The ruins of the 3,000-year-old desert capital of the kingdom of Saba (the biblical Sheba), outside the Yemeni city of Ma'rib, should be overrun by tourists. Mud-brick towers tilt crazily on a vast, sunbaked mound, amid the crumbled debris of antiquity. But when I visited the ruins recently, I was alone—except, that is, for an armed escort of Yemeni soldiers who trudged with me through the inch of moon dust covering the ancient city. Even the souvenir stand here, built before a wave of kidnappings of Westerners, and before the region's infiltration by al Qaeda, is just another ruin. On November 3 of last year, a month before my visit, a missile fired by an unmanned CIA Predator aircraft near Ma'rib incinerated a vehicle in which a suspected al Qaeda leader, Abu Ali al-Harithi, was traveling with five others. Since then Americans have usually been prohibited from the area, for their own safety. "If anyone asks," my Yemeni guide advised me, "tell people you're Australian."
Between the Yemeni capital of Sana'a and Ma'rib, a distance of a hundred miles to the east, in ashen, sandy wastes speckled with Sabaean ruins and abutting the Saudi border, there are eleven military checkpoints, each signaled by cement-filled oil drums. The government presence in the region is greater than it has ever been before, and this is no small achievement. Yet the checkpoints provide security for the main road only. Nearby, mud-brick battlements hide the encampments of rebellious tribal sheikhs, some with their own artillery pieces. Off the main road a Western visitor is safer under the protection of a local tribe than with a government escort.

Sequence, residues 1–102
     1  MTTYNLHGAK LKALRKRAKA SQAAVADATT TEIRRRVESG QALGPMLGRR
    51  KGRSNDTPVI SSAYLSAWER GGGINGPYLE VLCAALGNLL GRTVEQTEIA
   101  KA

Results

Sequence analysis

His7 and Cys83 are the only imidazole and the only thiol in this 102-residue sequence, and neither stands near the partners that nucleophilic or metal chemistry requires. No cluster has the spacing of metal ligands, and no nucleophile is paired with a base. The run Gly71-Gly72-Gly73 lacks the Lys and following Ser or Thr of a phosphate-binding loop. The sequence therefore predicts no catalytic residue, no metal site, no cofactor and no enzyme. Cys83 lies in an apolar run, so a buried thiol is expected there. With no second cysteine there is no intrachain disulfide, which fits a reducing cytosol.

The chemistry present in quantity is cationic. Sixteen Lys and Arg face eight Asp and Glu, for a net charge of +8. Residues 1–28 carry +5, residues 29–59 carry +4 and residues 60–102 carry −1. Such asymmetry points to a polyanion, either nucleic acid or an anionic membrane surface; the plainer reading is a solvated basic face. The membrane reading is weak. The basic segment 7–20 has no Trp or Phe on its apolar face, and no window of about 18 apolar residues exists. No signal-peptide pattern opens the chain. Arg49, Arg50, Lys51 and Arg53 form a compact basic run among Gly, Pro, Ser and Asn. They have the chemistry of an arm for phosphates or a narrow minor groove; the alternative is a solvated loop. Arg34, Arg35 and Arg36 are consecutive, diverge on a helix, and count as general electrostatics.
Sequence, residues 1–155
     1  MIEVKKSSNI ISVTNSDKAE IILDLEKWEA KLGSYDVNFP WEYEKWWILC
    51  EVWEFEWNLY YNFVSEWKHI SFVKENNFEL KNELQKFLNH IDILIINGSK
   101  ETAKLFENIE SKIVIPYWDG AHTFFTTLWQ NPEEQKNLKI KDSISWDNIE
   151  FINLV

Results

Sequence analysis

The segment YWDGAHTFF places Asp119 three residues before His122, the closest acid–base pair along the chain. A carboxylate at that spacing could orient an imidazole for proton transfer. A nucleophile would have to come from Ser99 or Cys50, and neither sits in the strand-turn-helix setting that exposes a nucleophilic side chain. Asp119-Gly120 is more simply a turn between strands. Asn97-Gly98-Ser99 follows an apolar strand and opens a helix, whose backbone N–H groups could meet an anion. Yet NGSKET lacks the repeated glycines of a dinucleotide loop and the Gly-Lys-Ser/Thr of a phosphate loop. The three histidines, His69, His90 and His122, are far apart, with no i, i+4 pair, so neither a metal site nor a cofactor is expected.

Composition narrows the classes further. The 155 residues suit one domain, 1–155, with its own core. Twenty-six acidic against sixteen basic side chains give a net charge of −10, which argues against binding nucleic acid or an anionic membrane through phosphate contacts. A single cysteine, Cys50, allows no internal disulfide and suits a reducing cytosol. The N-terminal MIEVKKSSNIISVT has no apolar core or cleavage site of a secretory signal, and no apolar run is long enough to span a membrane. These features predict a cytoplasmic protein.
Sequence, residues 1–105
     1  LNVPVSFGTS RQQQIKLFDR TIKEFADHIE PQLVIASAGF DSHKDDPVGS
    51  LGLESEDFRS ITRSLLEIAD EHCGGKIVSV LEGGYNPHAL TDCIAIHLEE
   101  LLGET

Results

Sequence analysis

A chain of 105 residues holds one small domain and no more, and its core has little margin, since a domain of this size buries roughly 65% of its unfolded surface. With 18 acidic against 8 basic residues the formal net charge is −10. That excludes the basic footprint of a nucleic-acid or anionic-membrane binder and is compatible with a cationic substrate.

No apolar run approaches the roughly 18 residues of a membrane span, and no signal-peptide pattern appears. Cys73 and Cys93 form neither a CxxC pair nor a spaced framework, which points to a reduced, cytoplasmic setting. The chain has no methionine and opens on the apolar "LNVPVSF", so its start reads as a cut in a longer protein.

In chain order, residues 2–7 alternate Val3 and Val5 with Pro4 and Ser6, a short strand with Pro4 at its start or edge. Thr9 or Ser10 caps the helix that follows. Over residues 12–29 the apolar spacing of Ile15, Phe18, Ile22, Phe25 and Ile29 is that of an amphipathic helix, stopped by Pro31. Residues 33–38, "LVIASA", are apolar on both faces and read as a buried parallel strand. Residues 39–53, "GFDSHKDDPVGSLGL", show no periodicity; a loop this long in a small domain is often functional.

Filthy cinder-block storefronts line portions of the Sana'a-Ma'rib road, crowded with tribesmen buying and selling guns and qat—a plant that provides a mildly energizing narcotic effect when chewed. Qat offers Yemenis a rare luxury in an otherwise dismal existence. But qat crops are water-intensive, and their cultivation is a reason for the ongoing desertification of the country. According to the World Bank, groundwater supplies in Yemen will last no more than another generation or two. Meanwhile, Yemen's population growth rate is higher than three percent, one of the highest in the Middle East. Half of the country's population consists of children under fifteen.